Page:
The Franco-Cameroon comic, known for his irreverent material is no longer free to perform at will and is regularly arrested for comments, tweets and in his latest foray into the supposedly illegal, a Facebook post.
Having participated in the march, Dieudonne expressed a sentiment of alienation in a crowd that had been told to reject him, posted that he was feeling that day like Dieudonne Colibaly- the surname of one of the hijackers. He was consequently arrested and charged with “glorifying terrorism.”
In another incident, a father-of-three in the city of Cannes, in the south of France and a far-right National Front stronghold, was arrested in the early hours of the morning when a neighbour reported him for tearing up a poster left on his windscreen that read “Je suis Charlie.”
On the evening news the head of information declared that those who attended the march yet did not hold “Je suis” placards should be tracked down as they were the ones likely to pose a threat to society.
Even the most stringent of theocracies do not expect their citizens to make such extreme declarations of faith! But France isn’t a theocracy it‘s a secular “republique,” we are told.
In yet another bizarre incident, a primary school teacher was asked by pupils why it was ok to mock the Prophet but not the Holocaust. Rather than engaging with the inquisitive children, the teacher made a formal complaint to the Education ministry.
Prime minister Valls responded to this “scandal” by calling his Education minister Najat Vallaud Belkacem to explain. The pedagogy that would be later administered would include forcing pupils from Muslim backgrounds to draw cartoons of the Prophet Mohamad in a bid to instil the values of free speech!
Orwellian as this may sound outside of France, the French, deep in their internationalised grief and sense of entitlement, see this as a perfect example of French values, trumping those of “backward” people who can’t comprehend why France outlaws mocking the Holocaust or anything relevant to Jews or Charlie Hebdo’s grief parade while not affording the same respect to others.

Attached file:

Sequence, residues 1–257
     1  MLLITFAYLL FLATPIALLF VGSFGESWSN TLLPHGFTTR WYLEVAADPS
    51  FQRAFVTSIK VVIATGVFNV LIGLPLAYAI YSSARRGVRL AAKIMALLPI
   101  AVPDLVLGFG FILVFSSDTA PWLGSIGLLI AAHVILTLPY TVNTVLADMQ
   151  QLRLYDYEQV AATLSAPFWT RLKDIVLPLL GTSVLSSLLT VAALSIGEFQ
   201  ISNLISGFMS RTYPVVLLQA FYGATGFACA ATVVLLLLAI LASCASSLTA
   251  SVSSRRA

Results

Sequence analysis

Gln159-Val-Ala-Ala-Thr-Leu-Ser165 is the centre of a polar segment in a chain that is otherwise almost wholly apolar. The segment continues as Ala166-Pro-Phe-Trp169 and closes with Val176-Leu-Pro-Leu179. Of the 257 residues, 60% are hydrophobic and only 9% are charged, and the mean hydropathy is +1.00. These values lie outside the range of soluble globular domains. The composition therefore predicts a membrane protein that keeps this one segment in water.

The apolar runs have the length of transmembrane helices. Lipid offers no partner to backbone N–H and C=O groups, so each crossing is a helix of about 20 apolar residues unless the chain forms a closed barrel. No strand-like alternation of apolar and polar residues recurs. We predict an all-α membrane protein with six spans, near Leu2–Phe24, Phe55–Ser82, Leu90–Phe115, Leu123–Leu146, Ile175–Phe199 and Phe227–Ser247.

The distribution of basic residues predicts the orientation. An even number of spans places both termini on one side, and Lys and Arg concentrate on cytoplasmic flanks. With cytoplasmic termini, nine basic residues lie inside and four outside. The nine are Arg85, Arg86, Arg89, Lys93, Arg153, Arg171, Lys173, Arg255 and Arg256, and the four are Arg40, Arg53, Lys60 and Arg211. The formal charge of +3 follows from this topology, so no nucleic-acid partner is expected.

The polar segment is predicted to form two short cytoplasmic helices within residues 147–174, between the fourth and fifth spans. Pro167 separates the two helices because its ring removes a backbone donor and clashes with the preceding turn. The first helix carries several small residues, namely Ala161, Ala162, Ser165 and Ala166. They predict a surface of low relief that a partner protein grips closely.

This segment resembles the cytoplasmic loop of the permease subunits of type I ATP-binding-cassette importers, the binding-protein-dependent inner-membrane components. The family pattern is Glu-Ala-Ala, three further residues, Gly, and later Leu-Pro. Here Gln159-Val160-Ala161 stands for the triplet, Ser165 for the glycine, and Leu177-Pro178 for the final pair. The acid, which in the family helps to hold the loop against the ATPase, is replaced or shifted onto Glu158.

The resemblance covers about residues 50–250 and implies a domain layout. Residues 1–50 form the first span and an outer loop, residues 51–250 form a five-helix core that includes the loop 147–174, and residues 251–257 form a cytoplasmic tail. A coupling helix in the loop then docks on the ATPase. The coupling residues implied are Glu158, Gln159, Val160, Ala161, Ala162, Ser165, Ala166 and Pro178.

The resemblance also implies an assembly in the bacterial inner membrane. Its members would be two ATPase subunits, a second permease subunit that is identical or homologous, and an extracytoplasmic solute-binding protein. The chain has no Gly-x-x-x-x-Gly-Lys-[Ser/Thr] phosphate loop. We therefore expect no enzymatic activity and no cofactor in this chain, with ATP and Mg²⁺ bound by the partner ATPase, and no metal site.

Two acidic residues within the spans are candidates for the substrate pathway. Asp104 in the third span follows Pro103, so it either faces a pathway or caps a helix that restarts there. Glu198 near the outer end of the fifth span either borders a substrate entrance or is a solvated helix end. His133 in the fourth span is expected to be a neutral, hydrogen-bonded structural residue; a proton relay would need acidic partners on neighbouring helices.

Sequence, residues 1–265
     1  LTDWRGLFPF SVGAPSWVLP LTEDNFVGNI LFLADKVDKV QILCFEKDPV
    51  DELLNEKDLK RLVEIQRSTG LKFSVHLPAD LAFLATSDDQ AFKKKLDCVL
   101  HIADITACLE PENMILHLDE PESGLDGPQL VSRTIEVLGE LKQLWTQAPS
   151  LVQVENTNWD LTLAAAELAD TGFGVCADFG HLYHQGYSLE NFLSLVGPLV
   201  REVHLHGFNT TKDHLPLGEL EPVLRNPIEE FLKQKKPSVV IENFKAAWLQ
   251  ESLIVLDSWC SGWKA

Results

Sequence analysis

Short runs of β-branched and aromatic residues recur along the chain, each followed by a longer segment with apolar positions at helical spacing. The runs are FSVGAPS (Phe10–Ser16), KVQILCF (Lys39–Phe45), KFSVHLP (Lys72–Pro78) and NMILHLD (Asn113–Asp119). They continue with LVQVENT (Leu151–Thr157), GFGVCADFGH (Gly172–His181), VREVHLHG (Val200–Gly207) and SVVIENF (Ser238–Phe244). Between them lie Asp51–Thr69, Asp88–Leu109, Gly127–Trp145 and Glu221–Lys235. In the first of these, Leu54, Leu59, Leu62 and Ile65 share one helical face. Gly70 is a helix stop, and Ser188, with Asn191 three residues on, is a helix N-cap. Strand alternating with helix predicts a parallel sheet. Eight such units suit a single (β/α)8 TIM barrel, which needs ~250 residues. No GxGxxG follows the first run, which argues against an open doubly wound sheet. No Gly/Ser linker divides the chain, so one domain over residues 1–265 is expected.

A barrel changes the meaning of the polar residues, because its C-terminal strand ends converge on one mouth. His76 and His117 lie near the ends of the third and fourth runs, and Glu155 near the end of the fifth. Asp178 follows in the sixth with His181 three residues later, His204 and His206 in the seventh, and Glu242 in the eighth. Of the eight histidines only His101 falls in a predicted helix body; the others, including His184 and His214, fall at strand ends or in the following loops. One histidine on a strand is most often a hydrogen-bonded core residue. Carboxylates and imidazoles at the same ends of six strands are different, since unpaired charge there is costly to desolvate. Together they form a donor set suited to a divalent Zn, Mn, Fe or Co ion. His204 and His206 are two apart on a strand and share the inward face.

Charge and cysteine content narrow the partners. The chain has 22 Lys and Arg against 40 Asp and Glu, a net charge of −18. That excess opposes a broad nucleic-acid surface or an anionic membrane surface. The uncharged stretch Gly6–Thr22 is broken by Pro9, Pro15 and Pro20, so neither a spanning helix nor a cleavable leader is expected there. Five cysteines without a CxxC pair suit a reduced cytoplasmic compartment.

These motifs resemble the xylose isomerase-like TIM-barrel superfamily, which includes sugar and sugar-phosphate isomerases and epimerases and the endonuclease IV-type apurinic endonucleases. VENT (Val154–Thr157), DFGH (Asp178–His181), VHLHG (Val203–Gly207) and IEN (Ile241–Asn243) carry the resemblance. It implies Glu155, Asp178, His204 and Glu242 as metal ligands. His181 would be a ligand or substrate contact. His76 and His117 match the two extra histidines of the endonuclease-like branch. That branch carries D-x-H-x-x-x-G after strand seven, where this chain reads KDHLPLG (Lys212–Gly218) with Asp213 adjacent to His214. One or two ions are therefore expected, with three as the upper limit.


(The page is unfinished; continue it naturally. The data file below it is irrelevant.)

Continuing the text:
And so while the country prides itself on being different to those theocracies it is so critical of, it has failed to note that in recent years the parallel between it and a country like Saudi Arabia for instance is increasingly narrow.
While declaring publicly in Saudi Arabia that you do not believe in God would guarantee you a prison sentence (worse for apostasy), in France you can expect a similar treatment for publicly declaring that you do not believe the Holocaust ever happened!
Equally, in Saudi Arabia women are arrested for wearing un-Islamic attire, in France they’re arrested for committing a similar “offence” albeit in reverse. Both countries insist their values trump all others, failing in the process to see the absurdity of their claims.
Nevertheless in France this double-standard attitude that has become so blatant in the wake of the terrorist attack is symptomatic of a society that has endeavoured to alienate and antagonise its Muslim minority to an alarming point.
France’s five million Muslims feel increasingly frustrated. What that will lead to in the months and years to come is difficult to predict. But just as Muslim majority countries are rightly held responsible for the well-being of their minorities, so to should a country claiming to be the beacon of enlightenment learn to treat all its citizens equally.
When even the prime minister admits the existence of a “social and economical apartheid,” something is deeply wrong in France, and that ultimately, is no laughing matter.